Redescription (modified from Kulzer 1961) (male). 4.0– 4.5 mm long, 2.5–3.0 mm wide. Small, body short, broad, moderately convex ( Figs. 243, 244 View Figs ). Shining greenish blue; antennae, mouthparts, and tarsi yellow-brown to ferrugineous. Head densely variably punctate; largest punctures larger than a single eye facet, weakly to moderately impressed; extremely short golden seta emerging from each puncture. Antenna clavate; antennomeres 7–10 short, apically widened forming a loose club; apical antennomere subcircular; antennomeres 7–11 with stellate sensoria. Mentum with acute median keel raised anteriorly to a point ( Figs. 10, 12 View Figs ); ventral portion of eye not reaching subgenal sulcus ( Fig. 8 View Figs ); postgena with distinct punctures ( Fig. 12 View Figs ). Dorsal surface of pronotum punctate; punctures separated by 0.5–1.0 diameters Pronotal marginal bead complete laterally, anterior margin with marginal bead effaced medially, posterior margin lacking marginal bead; anterior angles of pronotum right, weakly produced and broadly rounded apically; lateral edge of pronotum evenly curved to base; pronotum evenly convex ( Fig. 245 View Figs ). Hypomeral bead deeply impressed; hypomeron with distinct punctures ( Fig. 27 View Figs ). Mediobasal portion of prosternal process raised; prosternal process apically rounded, with distinct marginal grooves opposite coxae joined apically ( Fig. 246 View Figs ). Elytral striae lightly impressed, present as small discontinuous punctures with a lightly impressed line through the middle, connecting the row of punctures; interstriae flat; scutellary striae 4 punctures long; scutellum triangular, normal ( Figs. 243, 245 View Figs ). Mesoventrite broad anteroposteriorly, excavate, U-shaped, receiving prosternal process; metaventrite subequal to antero-postero length of mesocoxa ( Fig. 246 View Figs ). Metathoracic wing fully developed. Legs short, stout, punctate; pro- and metafemora reaching beyond edge of elytron, mesofemur not reaching past edge of elytron; metafemur with tooth distad trochanter ( Fig. 72 View Figs ); tibiae with dorsal longitudinal groove ( Fig. 37 View Figs ); metatibia strongly curved ventrally, with small ventral apical tooth with posterior edge sloped into apex of the tibia ( Fig. 72 View Figs ). Abdominal depressions on 4th and 5th ventrites reduced to indistinct impressed slits ( Fig. 74 View Figs ); intercoxal process of first ventrite with apical nipple; ventral surface densely punctate, punctures strongly impressed ( Fig. 246 View Figs ).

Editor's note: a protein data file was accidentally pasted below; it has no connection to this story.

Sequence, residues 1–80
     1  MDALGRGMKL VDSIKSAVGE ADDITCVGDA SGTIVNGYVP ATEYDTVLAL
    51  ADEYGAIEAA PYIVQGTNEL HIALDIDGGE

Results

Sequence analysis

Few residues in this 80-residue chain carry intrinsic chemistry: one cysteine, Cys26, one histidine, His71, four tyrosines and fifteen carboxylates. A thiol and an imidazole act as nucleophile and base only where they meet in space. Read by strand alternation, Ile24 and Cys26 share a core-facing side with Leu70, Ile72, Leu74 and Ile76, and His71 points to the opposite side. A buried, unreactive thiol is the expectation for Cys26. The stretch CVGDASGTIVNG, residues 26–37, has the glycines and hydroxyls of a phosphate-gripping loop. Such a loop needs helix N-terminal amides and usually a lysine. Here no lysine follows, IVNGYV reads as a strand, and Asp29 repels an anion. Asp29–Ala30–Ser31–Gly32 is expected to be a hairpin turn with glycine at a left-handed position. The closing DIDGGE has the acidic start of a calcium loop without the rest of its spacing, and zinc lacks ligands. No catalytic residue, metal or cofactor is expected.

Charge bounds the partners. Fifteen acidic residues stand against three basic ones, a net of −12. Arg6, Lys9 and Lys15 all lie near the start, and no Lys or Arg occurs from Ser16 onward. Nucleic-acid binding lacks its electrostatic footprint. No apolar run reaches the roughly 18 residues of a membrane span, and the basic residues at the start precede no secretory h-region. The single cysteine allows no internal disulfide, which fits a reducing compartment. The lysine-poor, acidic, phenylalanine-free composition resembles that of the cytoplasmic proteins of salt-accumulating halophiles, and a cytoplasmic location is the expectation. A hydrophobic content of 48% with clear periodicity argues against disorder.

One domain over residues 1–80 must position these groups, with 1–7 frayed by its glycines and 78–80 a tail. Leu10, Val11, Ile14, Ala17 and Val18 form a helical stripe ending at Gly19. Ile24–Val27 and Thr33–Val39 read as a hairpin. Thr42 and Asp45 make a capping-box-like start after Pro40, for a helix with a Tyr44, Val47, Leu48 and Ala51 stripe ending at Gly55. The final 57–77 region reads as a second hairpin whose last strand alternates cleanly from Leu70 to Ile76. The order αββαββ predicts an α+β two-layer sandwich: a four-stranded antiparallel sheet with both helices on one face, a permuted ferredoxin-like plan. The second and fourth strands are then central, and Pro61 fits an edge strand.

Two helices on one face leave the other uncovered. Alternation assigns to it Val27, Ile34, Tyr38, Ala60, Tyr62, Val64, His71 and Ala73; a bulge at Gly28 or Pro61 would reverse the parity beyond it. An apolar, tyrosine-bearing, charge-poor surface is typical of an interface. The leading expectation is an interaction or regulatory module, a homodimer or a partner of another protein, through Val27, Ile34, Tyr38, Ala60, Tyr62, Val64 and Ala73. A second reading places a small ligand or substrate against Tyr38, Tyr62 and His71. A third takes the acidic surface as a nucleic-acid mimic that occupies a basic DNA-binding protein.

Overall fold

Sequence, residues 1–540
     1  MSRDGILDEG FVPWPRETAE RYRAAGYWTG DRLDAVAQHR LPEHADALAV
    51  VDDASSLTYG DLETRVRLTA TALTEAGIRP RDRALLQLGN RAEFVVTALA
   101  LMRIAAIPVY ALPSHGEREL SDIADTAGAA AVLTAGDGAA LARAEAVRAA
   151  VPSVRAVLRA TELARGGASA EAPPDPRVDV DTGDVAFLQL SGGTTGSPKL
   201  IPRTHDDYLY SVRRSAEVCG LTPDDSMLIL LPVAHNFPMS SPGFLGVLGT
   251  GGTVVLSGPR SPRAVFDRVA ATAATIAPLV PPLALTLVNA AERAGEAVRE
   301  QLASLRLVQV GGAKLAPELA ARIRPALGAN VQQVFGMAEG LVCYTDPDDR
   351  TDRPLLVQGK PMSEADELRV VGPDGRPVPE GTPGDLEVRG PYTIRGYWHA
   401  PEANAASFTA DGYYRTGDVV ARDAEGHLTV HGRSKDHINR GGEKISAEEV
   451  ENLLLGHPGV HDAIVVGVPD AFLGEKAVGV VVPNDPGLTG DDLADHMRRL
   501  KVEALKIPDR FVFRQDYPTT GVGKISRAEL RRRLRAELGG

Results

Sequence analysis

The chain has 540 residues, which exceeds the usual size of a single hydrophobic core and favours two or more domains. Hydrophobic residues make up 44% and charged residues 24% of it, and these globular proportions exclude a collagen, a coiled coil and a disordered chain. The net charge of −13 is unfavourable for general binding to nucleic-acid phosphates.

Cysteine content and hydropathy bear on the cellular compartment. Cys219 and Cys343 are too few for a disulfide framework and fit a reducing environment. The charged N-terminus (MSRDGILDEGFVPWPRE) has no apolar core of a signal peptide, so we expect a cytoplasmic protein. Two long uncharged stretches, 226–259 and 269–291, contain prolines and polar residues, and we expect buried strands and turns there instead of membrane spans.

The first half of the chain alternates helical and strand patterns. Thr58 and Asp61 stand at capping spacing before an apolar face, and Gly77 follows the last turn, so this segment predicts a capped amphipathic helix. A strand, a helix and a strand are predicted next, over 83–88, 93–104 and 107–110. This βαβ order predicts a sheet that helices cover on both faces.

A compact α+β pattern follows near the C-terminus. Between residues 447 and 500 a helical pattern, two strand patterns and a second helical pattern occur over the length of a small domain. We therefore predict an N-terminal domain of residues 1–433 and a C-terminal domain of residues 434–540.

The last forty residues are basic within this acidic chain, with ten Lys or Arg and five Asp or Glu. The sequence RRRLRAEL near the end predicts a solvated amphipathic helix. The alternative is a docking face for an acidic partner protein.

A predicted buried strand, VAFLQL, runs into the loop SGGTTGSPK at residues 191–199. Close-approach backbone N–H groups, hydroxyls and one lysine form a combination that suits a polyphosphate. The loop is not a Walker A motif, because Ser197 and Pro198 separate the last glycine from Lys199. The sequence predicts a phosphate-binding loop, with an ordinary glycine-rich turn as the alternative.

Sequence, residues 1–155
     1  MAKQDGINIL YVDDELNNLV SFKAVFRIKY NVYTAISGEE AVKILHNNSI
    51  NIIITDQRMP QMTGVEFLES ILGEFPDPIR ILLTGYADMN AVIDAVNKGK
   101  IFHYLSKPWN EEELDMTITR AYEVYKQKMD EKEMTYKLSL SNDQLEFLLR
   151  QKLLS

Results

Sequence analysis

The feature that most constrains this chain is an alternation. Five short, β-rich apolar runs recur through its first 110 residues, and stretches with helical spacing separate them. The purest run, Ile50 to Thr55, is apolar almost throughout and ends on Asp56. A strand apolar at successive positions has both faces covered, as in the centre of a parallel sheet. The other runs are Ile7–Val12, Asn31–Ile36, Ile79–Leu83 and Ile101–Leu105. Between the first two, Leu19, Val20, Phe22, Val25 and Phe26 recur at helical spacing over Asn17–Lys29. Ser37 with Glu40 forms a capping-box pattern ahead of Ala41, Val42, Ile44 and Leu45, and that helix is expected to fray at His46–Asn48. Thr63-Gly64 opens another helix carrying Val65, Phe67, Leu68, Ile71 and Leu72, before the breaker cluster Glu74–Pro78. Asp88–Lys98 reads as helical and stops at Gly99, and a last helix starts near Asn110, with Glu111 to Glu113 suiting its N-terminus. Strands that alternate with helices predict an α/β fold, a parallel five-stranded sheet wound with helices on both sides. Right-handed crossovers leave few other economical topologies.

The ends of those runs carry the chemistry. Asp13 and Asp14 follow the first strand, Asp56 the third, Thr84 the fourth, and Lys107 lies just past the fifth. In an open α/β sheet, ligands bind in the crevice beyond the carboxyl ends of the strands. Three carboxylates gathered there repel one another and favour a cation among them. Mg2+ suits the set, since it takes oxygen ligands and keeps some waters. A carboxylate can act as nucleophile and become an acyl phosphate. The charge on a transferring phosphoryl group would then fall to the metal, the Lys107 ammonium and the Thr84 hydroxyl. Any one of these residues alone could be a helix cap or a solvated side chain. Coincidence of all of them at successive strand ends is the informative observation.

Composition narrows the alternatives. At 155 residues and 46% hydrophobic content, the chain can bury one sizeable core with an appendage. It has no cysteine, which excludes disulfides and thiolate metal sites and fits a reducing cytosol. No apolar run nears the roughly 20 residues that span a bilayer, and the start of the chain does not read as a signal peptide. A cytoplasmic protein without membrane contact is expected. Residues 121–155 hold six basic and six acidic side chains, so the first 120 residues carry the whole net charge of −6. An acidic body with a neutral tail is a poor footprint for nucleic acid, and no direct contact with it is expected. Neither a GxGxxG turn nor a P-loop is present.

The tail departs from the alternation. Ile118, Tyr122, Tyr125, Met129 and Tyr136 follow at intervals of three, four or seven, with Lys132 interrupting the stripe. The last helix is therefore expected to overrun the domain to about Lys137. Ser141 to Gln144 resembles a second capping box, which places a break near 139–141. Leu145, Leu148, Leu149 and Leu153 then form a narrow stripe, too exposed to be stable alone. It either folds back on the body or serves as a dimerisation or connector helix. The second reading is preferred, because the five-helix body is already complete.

Female. Identical to male, except metafemur lacking tooth distad trochanter and metatibia straight and lacking ventral apical tooth.